Comics History


by Scott McCloud

Since the early 1990s the growth of the World Wide Web has had its impact on comics. Not only has it proved an infinite platform for comic artists to show their work, it also provided a whole new canvas for comic artists to draw their comics on, using new computer techniques such as 3D and animation. One of the first to signal this development was Scott McCloud, whose 'Understanding Comics' and 'Reinventing Comics' have become standard works. He has opened the eyes of many comic artists to the possibilities technology provides for the comics medium.

When I Am King, by Demian5

One of the comic artists who has created comics especially suited to the Internet is the Swiss Demian5, who created 'When I am King' between 1999 and 2001. It has become a classic for its inventive use of modern technologies, in combination with an entertaining storyline. Another artist who has experimented succesfully with Internet's possibilities is Patrick Farley, whose work can be seen on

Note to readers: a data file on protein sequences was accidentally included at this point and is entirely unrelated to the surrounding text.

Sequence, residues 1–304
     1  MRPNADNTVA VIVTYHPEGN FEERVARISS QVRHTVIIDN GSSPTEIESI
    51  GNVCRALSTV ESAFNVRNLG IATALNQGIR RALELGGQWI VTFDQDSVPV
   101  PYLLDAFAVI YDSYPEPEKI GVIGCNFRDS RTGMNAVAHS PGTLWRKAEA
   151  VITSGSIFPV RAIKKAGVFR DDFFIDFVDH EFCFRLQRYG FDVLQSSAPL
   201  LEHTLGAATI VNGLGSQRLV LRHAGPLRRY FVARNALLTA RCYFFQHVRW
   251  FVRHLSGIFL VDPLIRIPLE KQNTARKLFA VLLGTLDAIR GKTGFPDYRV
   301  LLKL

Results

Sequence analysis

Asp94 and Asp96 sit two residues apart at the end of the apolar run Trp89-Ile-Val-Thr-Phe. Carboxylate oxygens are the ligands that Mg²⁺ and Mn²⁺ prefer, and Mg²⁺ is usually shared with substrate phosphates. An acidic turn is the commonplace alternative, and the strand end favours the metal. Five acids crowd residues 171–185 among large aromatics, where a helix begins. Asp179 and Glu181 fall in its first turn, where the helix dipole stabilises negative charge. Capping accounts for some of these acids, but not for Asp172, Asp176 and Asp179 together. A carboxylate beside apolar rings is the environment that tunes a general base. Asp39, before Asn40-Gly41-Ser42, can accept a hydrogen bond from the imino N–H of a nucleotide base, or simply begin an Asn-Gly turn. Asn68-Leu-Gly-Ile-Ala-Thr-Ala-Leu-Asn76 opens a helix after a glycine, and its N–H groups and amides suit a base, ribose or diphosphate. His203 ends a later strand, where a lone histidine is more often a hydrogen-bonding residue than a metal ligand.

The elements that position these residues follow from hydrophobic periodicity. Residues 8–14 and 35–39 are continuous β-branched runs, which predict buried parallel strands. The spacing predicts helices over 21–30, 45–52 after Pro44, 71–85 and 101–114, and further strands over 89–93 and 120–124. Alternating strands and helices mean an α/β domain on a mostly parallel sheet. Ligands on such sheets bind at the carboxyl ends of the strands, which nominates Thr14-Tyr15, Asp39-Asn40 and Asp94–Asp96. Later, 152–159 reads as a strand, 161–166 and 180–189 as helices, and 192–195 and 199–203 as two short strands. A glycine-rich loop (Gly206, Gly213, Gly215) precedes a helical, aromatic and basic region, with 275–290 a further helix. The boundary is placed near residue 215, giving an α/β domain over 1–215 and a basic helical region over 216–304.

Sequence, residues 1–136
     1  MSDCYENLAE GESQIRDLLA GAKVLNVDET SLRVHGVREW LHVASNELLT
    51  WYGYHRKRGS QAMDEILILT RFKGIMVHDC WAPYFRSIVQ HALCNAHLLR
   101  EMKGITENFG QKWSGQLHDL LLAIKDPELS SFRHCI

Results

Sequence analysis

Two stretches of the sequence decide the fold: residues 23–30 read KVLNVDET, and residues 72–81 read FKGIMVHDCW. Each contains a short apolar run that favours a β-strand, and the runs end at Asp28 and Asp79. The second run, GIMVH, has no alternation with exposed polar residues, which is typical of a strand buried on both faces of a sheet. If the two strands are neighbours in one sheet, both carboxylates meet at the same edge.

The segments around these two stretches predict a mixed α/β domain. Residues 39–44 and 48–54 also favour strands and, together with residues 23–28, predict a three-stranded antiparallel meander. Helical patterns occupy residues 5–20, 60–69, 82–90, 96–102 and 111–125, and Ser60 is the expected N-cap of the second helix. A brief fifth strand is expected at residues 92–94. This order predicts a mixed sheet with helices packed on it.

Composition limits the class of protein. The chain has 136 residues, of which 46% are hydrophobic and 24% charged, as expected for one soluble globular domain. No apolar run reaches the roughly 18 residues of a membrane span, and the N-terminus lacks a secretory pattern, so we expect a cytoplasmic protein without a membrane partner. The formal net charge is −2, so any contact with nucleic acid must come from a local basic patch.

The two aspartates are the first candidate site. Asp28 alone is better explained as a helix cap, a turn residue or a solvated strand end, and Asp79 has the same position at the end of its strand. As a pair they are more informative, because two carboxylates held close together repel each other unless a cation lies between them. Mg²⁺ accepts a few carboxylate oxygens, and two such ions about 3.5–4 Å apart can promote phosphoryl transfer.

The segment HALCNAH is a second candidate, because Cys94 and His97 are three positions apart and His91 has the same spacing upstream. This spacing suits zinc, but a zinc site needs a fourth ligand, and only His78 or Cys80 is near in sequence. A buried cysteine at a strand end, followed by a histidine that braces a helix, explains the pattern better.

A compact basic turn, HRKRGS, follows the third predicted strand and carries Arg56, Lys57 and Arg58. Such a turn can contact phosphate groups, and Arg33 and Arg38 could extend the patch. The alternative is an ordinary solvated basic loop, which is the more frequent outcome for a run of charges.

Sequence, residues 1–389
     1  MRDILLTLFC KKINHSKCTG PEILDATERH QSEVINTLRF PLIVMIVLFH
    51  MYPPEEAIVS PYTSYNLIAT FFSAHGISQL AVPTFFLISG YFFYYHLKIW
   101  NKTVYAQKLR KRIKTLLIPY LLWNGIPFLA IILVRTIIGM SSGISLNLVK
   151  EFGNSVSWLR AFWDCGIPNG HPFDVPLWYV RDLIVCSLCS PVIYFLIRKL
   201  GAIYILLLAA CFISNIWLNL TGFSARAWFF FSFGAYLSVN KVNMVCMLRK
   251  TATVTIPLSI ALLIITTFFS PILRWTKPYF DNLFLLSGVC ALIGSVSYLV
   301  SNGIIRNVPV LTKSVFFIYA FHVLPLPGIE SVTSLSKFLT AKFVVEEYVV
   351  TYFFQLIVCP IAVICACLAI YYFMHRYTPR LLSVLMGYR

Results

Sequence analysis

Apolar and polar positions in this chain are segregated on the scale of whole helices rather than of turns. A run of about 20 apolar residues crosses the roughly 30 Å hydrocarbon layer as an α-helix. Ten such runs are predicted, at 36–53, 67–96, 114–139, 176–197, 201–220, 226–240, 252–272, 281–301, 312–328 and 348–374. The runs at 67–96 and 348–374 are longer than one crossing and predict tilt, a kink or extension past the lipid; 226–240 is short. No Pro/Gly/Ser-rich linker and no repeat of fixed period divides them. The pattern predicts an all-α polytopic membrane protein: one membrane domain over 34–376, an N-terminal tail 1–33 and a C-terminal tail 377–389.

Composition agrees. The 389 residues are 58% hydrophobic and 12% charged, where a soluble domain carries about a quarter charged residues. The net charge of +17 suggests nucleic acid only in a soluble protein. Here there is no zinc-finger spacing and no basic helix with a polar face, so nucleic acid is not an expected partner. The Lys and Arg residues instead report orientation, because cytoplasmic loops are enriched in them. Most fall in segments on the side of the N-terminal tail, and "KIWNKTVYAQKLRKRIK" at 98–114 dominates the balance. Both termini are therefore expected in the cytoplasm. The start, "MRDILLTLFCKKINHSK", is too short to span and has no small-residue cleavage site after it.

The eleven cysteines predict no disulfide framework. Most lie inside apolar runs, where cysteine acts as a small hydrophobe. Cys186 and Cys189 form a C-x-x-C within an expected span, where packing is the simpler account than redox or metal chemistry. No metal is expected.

Spiders, by Patrick Farley

www.moderntales.comMainly though, comic artists use the Internet for displaying their work. Instead of putting energy and money into self-publishing and distributing, they invest a relatively low amount of money in their own site, by which they can reach a vast audience of comic lovers and colleagues. The first comic to appear online was 'Where the Buffalo Roam', by Hans Bjordahl in 1991, and it has been followed by countless comics all over the world.

As soon as Internet caught on, artists started making comics with the sole purpose of displaying them digitally. These are the so-called "webcomics", and early examples are 'Netboy' by Stafford Huyler and 'Argon Zark!' by Charley Parker. Many artists use this format to display their ability to produce a consistent, regularly appearing comic strip (which might interest syndicats in taking them on board for distribution to newspapers). Apart from the individual sites, there are also sites which provide a collection of webcomics, such as

Argon Zark, by Charley Parker